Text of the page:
Cell Therapeutics isn’t going down without a fight. The Seattle-based biotech company (NASDAQ: CTIC) said today that data from a clinical trial of Zevalin, its drug for non-Hodgkin’s lymphoma, was published in the Journal of Clinical Oncology, along with an editorial by a leading lymphoma doc who urged his peers to “encourage wider appreciation and use” of drugs in its class.
This data, first presented at the American Society of Hematology meeting in Atlanta in December, clearly made an impression with peer reviewers. The study, sponsored by Bayer before Cell Therapeutics bought the drug in December, enrolled 414 patients getting first-line treatment for their slow-growing lymphoma. They hoped to see a benefit from Zevalin, which works by taking an antibody drug that seeks out cancer cells and attaching a small dose of radiation to give it extra tumor-killing punch. Patients on the drug were able to keep their cancer from spreading for a median time of 36.5 months, compared with 13.3 months in a control group. About 77 percent of patients who had partial tumor shrinkage on prior treatments entering the study had their tumors completely wiped out after getting a single shot of Zevalin, researchers said.
The results “confirm and extend prior data demonstrating the tremendous potential of radio-immunotherapies in the treatment of B-cell non-Hodgkin’s lymphoma,” said Oliver Press, a lymphoma expert at the Fred Hutchinson Cancer Research Center in Seattle, in an editorial in the Journal of Clinical Oncology that was quoted by the company. “It is hoped that studies such as those in this issue would encourage wider appreciation and use,” of the two marketed radiation-antibody drugs—Zevalin and GlaxoSmithKline’s Bexxar.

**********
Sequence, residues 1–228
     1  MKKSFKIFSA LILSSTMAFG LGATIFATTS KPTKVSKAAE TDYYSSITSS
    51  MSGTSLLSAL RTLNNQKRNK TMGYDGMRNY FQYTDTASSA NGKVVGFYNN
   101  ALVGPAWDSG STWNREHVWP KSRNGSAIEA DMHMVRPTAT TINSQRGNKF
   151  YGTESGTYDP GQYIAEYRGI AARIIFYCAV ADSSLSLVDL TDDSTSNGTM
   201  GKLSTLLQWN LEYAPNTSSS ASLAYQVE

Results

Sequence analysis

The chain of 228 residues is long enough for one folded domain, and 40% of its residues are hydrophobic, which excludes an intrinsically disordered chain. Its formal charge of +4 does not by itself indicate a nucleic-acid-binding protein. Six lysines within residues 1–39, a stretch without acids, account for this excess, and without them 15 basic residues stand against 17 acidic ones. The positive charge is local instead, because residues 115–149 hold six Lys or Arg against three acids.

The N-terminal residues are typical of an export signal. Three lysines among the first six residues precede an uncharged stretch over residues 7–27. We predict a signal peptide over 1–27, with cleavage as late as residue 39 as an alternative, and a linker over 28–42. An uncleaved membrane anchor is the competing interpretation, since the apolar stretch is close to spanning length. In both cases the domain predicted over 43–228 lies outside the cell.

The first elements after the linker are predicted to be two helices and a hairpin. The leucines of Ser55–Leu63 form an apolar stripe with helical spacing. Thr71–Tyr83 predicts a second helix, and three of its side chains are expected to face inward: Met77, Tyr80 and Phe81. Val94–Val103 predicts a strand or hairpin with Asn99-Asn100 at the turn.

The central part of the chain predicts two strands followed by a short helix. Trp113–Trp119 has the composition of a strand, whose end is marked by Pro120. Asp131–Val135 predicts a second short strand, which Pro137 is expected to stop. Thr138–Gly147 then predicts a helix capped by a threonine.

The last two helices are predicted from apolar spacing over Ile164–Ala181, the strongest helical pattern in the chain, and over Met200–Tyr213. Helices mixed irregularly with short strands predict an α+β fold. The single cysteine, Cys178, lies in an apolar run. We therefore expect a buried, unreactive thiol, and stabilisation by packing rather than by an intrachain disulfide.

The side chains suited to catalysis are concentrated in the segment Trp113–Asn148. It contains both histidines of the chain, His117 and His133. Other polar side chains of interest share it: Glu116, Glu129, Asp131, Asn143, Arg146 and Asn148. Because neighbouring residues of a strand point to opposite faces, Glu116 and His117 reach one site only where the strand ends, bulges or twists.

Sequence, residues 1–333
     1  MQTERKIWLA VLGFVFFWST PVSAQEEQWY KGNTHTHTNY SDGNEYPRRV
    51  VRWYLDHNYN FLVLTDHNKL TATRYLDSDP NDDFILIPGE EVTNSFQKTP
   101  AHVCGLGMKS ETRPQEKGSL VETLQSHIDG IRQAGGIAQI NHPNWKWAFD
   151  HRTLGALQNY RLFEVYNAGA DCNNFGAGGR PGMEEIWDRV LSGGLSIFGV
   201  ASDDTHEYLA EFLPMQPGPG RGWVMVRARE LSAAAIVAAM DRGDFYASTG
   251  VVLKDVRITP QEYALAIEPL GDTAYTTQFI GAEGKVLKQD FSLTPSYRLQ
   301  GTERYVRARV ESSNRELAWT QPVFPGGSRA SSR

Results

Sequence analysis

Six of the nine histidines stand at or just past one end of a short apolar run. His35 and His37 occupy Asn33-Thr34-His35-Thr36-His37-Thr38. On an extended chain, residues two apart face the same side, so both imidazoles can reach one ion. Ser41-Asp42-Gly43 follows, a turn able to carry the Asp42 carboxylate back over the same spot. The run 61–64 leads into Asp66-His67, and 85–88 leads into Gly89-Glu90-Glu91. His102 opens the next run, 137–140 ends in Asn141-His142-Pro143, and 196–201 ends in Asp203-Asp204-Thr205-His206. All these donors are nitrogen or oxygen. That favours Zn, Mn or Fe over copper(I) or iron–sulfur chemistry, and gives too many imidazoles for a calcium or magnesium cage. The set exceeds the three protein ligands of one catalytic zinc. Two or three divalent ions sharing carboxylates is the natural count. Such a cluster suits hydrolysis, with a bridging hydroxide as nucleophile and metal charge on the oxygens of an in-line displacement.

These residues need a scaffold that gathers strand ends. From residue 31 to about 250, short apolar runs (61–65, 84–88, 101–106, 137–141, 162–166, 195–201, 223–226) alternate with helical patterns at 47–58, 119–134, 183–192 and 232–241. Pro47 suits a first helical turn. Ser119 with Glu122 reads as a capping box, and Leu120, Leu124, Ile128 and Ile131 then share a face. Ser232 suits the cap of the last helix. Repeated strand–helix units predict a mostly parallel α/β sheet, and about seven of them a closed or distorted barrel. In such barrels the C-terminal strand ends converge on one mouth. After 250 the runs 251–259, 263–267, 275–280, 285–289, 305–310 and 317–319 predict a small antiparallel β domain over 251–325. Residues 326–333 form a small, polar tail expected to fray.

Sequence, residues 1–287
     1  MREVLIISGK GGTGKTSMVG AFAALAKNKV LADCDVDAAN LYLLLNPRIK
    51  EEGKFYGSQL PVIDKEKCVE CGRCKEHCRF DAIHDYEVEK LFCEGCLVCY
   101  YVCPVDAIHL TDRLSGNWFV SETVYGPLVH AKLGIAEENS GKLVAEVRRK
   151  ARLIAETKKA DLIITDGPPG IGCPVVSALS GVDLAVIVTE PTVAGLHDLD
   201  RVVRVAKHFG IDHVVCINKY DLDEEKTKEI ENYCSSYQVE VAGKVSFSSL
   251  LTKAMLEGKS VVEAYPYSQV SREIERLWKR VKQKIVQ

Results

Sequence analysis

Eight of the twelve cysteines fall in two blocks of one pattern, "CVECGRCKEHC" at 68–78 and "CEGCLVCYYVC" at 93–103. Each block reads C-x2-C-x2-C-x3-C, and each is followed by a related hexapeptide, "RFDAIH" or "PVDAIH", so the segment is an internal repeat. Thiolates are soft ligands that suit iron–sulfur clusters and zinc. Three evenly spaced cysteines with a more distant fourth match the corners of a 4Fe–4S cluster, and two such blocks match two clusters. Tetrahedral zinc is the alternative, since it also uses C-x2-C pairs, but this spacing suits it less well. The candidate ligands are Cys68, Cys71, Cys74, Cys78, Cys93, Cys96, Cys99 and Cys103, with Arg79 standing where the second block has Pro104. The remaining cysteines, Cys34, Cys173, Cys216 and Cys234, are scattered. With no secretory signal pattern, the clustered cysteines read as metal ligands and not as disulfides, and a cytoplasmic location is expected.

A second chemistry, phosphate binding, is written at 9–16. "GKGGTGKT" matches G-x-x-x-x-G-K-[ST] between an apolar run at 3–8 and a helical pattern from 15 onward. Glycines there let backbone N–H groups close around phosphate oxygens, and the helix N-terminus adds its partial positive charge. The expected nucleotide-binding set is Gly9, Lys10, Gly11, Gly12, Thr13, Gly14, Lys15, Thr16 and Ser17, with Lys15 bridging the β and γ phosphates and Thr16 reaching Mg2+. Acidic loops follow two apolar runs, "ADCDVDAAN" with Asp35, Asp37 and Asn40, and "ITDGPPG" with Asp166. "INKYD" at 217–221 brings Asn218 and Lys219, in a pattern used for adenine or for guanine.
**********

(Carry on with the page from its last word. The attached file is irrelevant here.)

The problem is that both drugs have been commercial flops. Zevalin, first introduced by Biogen Idec in 2002, never exceeded $20 million a year in annual sales. Cancer doctors have complained about the logistics of handing off patients to radiation specialists to give the drug, and what they consider inadequate reimbursement from Medicare.
Cell Therapeutics bought it in December for $10 million upfront and $20 million in more milestone payments, but its plan to capitalize on the drug hinges on persuading the FDA to expand approval from relapsed patients to this first-line treatment group. Cell Therapeutics has turned in that application, but it also has been running seriously low on cash, and its stock has collapsed to 40 cents a share. If Cell Therapeutics doesn’t survive the current economic crunch, I’m guessing somebody will find a promising drug on the clearance rack.
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